Abstract Individuals are increasingly exposed to light at night. Exposure to constant light (LL) disrupts circadian rhythms of locomotor activity, body temperature, hormones, and the sleep-wake cycle in animals. Other behavioural responses to LL have been reported, but are inconsistent. The present experiment sought to determine whether LL produces changes in affective responses and whether behavioural changes are mediated by alterations in glucocorticoid concentrations. Relative to conspecifics maintained in a light/dark cycle (LD, 16:8 light/dark), male Swiss-Webster mice exposed to LL for three weeks increased depressive-like behavioural responses as evaluated by the forced swim test and sucrose anhedonia. Furthermore, providing a light escape tube reversed the effects of LL in the forced swim test. LL mice displayed reduced anxiety as evaluated by the open field and elevated-plus maze. Glucocorticoid concentrations were reduced in the LL group suggesting that the affective behavioural responses to LL are not the result of elevated corticosterone. Additionally, mice housed in LD with a clear tube displayed increased paired testes mass as compared to LL mice. Taken together, these data provide evidence that exposure to unnatural lighting can induce significant changes in affect, increasing depressive-like and decreasing anxiety-like responses.
Address Department of Psychology, The Ohio State University, Columbus, OH 43210, USA. Fonken.1@osu.edu
Corporate Author Thesis
Publisher Place of Publication Editor
Language English Summary Language Original Title
Series Editor Series Title Abbreviated Series Title
Series Volume Series Issue Edition
ISSN 0166-4328 ISBN Medium
Area Expedition Conference
Notes (up) PMID:19591880 Approved no
Call Number LoNNe @ kagoburian @ Serial 749
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Author Reiter, R.J.; Tan, D.X.; Erren, T.C.; Fuentes-Broto, L.; Paredes, S.D.
Title Light-mediated perturbations of circadian timing and cancer risk: a mechanistic analysis Type Journal Article
Year 2009 Publication Integrative Cancer Therapies Abbreviated Journal Integr Cancer Ther
Volume 8 Issue 4 Pages 354-360
Keywords *Circadian Rhythm; Humans; Light/*adverse effects; Melatonin/antagonists & inhibitors; Neoplasms/*etiology/physiopathology; Risk Factors; Sleep Deprivation/complications; oncogenesis
Abstract In industrialized countries, certain types of cancer, most notably, breast and prostate, are more frequent than in poorly developed nations. This high cancer frequency is not explained by any of the conventional causes. Within the past decade, numerous reports have appeared that link light at night with an elevated cancer risk. The three major consequences of light at night are sleep deprivation, chronodisruption, and melatonin suppression. Each of these individually or in combination may contribute to the reported rise in certain types of cancer. In this article, the potential mechanisms underlying the basis of the elevated cancer risk are briefly discussed. Finally, if cancer is a consequence of excessive nighttime light, it is likely that other diseases/conditions may also be exaggerated by the widespread use of light after darkness onset.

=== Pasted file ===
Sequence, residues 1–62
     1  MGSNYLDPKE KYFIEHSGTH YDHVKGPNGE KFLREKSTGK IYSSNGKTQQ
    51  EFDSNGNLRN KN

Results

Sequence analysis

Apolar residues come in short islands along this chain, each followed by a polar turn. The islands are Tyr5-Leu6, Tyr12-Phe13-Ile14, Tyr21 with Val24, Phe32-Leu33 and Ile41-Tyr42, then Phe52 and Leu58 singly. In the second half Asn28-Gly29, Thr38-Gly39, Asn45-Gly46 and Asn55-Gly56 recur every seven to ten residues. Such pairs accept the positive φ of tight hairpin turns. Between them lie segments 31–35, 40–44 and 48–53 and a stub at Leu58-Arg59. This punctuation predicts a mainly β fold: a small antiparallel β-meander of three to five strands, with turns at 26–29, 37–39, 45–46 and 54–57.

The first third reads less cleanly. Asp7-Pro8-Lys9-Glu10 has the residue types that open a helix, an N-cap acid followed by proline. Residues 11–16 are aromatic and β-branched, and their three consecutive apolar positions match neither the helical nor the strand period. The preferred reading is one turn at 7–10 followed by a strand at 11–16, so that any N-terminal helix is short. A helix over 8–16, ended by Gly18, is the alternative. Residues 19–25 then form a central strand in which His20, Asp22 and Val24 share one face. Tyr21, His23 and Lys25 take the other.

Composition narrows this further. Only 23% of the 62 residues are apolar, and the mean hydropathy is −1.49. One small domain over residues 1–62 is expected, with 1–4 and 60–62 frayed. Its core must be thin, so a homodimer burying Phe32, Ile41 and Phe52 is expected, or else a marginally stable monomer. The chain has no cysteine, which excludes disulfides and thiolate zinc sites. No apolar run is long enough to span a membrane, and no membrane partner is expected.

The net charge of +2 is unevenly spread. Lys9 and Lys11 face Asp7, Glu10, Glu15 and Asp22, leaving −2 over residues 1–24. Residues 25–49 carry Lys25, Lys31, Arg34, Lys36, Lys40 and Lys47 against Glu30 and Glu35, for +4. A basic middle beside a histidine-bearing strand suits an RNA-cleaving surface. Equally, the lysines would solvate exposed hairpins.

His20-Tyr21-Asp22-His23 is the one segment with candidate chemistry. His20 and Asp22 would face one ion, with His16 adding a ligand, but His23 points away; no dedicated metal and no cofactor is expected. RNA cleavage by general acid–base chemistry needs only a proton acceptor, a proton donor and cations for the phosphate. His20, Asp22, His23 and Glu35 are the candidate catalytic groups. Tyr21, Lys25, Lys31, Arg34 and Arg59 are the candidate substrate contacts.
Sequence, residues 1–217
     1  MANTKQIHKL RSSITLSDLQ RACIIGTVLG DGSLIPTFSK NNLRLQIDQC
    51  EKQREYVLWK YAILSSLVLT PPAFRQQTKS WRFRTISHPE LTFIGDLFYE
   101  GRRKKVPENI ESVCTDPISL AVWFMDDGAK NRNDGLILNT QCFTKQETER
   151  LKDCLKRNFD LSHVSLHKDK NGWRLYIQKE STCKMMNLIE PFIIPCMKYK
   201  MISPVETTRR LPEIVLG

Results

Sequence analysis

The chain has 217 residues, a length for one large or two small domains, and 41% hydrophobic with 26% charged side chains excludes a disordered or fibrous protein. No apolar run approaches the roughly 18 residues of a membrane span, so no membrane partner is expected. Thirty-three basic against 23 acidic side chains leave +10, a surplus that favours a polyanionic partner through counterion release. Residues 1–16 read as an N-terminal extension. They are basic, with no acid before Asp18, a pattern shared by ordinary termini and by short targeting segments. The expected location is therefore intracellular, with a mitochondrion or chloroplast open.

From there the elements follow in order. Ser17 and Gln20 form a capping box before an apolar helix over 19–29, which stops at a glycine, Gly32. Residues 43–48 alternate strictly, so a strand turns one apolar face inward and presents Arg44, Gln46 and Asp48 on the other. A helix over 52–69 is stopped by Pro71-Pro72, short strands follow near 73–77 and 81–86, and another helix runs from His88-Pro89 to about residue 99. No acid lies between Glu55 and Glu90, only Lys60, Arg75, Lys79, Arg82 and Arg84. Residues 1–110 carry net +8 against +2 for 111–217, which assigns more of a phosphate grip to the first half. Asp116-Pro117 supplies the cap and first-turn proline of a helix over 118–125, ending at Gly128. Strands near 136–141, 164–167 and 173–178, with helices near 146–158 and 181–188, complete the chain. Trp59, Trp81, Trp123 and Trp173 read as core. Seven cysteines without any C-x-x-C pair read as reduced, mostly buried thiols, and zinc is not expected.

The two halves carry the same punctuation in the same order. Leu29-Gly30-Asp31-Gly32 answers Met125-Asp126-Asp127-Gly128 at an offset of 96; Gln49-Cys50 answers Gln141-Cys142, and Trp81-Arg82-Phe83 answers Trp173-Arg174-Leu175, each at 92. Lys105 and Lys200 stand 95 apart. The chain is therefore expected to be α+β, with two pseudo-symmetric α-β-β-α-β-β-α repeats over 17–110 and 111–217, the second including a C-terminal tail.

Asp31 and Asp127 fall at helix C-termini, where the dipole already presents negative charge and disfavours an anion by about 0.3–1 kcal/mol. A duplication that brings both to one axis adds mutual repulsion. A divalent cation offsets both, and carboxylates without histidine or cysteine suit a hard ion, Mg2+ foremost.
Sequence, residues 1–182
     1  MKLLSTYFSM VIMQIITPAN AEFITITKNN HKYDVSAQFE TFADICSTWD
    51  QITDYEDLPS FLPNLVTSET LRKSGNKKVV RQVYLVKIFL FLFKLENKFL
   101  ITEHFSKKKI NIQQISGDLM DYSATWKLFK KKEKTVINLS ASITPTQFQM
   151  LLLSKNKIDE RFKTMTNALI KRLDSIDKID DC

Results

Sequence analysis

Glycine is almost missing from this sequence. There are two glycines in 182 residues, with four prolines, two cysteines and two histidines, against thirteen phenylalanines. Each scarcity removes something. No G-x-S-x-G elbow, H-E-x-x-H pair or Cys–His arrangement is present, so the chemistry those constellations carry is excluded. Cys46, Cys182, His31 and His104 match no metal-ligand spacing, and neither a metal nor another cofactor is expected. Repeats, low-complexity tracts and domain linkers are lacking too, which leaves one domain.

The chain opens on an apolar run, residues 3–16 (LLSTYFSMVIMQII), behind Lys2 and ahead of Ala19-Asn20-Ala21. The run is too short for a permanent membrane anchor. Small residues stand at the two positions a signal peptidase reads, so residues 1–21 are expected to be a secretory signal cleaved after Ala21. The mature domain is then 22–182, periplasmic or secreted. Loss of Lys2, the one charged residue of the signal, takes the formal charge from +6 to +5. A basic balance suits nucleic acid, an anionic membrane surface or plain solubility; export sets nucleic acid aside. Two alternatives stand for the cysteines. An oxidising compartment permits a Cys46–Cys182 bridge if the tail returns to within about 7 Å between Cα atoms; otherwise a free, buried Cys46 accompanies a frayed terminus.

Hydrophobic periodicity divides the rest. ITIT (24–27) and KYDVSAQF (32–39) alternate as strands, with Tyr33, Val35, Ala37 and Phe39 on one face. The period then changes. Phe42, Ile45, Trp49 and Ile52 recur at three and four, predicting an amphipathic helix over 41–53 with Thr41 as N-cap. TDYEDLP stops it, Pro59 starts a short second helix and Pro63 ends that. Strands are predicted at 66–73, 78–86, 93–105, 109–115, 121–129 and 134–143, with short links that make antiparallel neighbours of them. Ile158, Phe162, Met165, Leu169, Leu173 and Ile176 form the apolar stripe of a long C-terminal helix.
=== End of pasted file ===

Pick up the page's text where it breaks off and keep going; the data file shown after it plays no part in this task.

Address Department of Cellular and Structural Biology, University of Texas Health Science Center, San Antonio, TX 78229, USA. reiter@uthscsa.edu
Corporate Author Thesis
Publisher Place of Publication Editor
Language English Summary Language Original Title
Series Editor Series Title Abbreviated Series Title
Series Volume Series Issue Edition
ISSN 1534-7354 ISBN Medium
Area Expedition Conference
Notes (up) PMID:20042411 Approved no
Call Number IDA @ john @ Serial 290
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Author Hölker, F.; Wolter, C.; Perkin, E.K.; Tockner, K.
Title Light pollution as a biodiversity threat Type Journal Article
Year 2010 Publication Trends in Ecology & Evolution Abbreviated Journal Trends Ecol Evol
Volume 25 Issue 12 Pages 681-682
Keywords *Biodiversity; Biological Clocks; Biological Evolution; Ecosystem; *Environmental Monitoring; *Environmental Pollutants; Light/*adverse effects
Abstract
Address
Corporate Author Thesis
Publisher Place of Publication Editor
Language English Summary Language Original Title
Series Editor Series Title Abbreviated Series Title
Series Volume Series Issue Edition
ISSN 0169-5347 ISBN Medium
Area Expedition Conference
Notes (up) PMID:21035893 Approved no
Call Number IDA @ john @ Serial 36